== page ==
Feherty’s answer sounded like Yoda (except with Feherty’s cool Irish accent); essentially he said, “Do. Or do not. There is no try.” Feherty wondered if Tiger’s anxiety had become too precious to him… that these day’s he is trying to make good golf shots. In the days when Tiger Woods was winning the US Open by 15 shots, he just did it.
That really resonates with me. There have been seasons and roles in my life when I have had a do approach; and other seasons and roles when I have had a try approach. Without question, the most fulfilling and successful results have come when I have been more of a doer than a trier.
So I am taking inventory, separating various roles, responsibilities, and activities into the try category or the do category. For those in the try category, I’m wondering if I can just stop. If I can’t, then I am working to move those from the try category to the do category. That may mean reframing the work, or resetting expectations. It could mean shuffling roles and responsibilities with others (delegating and such). And it likely includes learning new skills and building new systems and approaches.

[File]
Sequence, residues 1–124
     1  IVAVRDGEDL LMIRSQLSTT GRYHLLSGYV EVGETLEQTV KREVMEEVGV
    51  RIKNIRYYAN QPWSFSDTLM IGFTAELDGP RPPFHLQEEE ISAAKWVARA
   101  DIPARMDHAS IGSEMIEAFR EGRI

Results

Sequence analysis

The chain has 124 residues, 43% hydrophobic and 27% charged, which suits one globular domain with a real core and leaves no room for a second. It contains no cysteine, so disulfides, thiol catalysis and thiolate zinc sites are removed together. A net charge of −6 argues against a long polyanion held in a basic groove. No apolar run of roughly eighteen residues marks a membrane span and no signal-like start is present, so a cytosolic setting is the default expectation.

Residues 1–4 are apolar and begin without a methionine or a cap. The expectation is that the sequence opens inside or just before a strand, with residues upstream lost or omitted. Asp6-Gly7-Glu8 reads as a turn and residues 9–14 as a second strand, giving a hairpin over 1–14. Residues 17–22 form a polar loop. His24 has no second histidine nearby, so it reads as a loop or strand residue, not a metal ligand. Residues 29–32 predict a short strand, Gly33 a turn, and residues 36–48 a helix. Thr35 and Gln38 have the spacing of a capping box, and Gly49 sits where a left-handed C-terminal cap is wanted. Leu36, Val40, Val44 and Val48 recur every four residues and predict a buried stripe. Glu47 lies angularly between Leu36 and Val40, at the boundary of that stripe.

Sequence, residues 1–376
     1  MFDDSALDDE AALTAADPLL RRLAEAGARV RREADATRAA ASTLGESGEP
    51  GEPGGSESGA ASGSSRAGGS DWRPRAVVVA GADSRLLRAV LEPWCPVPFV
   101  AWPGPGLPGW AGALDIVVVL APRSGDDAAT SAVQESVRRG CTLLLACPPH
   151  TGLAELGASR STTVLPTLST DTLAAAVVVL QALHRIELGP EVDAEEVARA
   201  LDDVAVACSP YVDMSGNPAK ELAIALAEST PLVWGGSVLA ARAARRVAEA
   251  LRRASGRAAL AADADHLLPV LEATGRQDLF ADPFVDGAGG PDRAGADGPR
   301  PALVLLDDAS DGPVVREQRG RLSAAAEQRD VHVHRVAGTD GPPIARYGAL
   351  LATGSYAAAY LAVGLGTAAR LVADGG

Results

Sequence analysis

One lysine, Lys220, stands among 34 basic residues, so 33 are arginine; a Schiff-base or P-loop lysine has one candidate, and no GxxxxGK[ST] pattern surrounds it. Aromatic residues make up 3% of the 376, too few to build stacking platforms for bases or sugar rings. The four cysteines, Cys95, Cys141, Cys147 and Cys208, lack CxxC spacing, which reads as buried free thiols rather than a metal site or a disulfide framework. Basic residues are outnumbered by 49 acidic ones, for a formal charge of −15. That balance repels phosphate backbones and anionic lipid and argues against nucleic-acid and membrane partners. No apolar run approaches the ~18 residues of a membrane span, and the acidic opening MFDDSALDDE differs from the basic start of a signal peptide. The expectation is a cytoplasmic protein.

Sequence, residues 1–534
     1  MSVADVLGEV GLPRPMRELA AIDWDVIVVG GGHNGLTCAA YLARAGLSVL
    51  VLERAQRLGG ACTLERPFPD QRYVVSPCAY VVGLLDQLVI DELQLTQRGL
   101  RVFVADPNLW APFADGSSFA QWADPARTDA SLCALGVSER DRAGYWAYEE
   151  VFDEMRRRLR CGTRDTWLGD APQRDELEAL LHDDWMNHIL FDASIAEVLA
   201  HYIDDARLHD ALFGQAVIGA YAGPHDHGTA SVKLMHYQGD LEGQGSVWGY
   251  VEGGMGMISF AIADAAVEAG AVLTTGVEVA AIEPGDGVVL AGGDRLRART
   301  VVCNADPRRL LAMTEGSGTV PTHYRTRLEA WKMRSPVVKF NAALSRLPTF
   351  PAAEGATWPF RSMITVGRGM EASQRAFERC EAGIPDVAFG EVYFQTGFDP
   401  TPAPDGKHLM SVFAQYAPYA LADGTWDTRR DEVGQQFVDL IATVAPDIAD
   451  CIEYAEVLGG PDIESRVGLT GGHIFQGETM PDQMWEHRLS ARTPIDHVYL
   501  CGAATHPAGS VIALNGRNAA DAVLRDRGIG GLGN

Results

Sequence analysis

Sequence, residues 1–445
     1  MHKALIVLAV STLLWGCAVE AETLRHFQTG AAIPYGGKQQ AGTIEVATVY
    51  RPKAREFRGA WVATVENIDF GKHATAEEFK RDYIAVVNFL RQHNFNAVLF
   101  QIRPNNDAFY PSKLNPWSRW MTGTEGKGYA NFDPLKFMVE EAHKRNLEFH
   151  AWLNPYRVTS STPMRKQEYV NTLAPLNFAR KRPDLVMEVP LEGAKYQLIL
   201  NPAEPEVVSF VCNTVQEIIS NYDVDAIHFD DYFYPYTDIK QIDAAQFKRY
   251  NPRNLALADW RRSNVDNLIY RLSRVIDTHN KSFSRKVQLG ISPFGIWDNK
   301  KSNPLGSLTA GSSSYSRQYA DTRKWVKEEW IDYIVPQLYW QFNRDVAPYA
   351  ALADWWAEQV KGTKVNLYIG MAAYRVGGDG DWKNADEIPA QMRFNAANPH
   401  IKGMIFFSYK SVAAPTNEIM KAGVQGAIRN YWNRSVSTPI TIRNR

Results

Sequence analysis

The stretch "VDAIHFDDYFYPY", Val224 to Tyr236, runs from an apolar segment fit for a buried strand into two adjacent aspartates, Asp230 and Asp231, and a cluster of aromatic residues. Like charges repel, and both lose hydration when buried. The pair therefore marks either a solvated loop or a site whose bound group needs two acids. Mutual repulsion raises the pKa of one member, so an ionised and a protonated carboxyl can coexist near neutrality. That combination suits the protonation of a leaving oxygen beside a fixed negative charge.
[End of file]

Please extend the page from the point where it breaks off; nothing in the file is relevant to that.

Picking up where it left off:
Knowing that I am far more productive with a do approach than a try approach, I’m intent on not wasting my efforts on try; I’m going to do.